For example, we can see that people in the United States are more interested in hamsters than guinea pigs; there is more search demand, so higher traffic potential.
You can also be hyper-specific by looking at the regional level, which can be useful for writing location-based content.
For example, we can see that lawn is a more popular search term than grass in most of Florida, but if I had pages targeting the Fort Lauderdale surrounding areas, it would make more sense to use grass.
It can also be used to judge the seasonality of topics and help you round out your traffic (topics with winter highs and topics with summer highs).
For example, if we had a gardening-related website, most topics have summer highs, but “douglas fir” spikes during winter in the northern hemisphere.
This is because Douglas fir is a popular pine tree commonly used as a Christmas tree, so interest spikes at the beginning of December every year.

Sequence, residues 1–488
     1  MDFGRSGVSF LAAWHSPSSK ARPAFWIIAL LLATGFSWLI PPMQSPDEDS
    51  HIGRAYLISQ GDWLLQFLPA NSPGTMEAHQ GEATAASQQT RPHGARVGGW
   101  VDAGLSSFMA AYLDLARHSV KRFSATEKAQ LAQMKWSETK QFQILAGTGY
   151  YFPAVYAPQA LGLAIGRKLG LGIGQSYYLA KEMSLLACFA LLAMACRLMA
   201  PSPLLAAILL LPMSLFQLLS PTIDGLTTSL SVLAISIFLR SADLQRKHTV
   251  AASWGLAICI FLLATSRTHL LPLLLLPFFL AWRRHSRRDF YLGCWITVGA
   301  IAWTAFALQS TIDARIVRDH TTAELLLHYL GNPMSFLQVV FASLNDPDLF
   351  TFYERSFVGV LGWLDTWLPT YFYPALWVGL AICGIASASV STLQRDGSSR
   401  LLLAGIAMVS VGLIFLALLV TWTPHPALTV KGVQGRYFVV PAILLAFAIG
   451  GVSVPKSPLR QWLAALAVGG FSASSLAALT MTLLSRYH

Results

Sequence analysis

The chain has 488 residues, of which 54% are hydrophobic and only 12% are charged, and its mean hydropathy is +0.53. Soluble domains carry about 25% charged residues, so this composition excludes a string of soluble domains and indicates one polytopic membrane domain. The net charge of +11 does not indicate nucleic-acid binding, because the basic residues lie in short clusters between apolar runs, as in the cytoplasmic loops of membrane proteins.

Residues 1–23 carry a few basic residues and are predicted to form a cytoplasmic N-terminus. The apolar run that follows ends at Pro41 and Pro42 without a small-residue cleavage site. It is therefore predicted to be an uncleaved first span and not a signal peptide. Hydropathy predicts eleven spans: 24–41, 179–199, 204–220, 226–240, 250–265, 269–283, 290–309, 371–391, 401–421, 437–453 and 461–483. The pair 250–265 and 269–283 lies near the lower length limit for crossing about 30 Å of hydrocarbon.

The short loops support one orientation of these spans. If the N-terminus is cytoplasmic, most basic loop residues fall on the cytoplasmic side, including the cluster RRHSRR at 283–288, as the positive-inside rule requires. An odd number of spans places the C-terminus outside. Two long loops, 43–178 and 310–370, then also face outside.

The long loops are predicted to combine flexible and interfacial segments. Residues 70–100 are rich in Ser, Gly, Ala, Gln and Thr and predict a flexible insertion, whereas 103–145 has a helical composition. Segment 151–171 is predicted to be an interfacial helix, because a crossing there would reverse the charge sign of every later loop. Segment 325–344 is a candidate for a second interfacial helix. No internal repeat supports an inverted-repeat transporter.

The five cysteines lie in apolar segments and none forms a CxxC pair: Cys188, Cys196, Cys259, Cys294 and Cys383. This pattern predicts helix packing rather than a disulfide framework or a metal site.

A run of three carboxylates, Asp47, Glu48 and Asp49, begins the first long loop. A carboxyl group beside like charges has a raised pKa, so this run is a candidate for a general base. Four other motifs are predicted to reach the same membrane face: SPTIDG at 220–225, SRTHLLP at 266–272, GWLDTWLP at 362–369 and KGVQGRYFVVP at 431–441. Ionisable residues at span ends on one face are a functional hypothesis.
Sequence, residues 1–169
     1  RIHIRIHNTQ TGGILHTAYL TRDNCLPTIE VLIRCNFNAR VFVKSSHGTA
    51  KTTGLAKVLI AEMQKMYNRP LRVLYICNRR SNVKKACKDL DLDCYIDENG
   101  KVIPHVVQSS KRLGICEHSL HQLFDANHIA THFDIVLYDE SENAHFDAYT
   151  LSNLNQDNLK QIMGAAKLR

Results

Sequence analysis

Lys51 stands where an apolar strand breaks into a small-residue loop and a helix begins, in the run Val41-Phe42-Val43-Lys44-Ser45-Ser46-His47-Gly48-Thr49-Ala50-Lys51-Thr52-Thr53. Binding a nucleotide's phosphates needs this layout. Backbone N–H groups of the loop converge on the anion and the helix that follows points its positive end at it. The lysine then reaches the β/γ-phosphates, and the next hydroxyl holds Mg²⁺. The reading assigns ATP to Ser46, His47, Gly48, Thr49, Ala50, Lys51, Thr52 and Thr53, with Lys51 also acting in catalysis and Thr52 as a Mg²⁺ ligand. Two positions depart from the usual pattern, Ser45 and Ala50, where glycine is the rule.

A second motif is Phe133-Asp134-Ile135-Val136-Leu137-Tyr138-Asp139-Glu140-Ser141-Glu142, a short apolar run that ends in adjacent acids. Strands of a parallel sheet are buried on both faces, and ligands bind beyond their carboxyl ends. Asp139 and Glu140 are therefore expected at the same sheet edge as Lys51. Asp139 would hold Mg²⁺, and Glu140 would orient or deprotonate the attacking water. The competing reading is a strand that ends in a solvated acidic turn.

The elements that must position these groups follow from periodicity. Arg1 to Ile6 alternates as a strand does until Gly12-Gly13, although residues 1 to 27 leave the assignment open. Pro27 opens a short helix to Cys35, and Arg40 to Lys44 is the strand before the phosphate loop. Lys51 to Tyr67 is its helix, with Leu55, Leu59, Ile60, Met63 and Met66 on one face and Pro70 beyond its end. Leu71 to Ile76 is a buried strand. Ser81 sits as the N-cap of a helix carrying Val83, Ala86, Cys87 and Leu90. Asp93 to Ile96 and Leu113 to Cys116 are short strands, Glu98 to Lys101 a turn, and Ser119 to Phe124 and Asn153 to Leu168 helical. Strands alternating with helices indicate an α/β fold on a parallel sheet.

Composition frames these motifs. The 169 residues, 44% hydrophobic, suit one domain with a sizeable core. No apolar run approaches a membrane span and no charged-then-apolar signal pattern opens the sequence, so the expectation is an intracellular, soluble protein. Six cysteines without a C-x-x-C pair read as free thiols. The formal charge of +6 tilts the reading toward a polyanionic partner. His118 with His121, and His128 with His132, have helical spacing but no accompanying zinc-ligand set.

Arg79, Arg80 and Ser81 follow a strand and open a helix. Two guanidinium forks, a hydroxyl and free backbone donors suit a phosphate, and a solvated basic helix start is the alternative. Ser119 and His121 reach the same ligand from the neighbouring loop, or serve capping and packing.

Google Search Bar (With Search Operators)
One of the most powerful tools for keyword research is Google itself, but you are only harnessing 1% of its power if you don’t use search operators. That topic is an entire article in and of itself, so I recommend reading up on search operators if you’re unfamiliar.
I like to use one search operator in particular for keyword research on Google. The “site:domain.com” operator, as well the exact match operator (“your keyword”).
I use this for Quora mostly, but you can also use it for other forums, like Reddit and popular niche-specific forums.
Using the “site:quora.com” operator, we’re returned with all the articles indexed on Google from that domain. This isn’t all that helpful, but if we use the exact match operator, it returns all of the indexed articles containing that specific term on that domain.
Here’s an example continuing with our pattern of guinea pigs.
As forums are generally easy to outrank, if we find a relevant quora page getting traffic, we know it warrants a look and could be a good topic to cover.
We can take this URL and put it into Ahrefs’ website traffic checker (that we mentioned earlier) to gauge the keywords we can target and how much traffic this particular page is getting.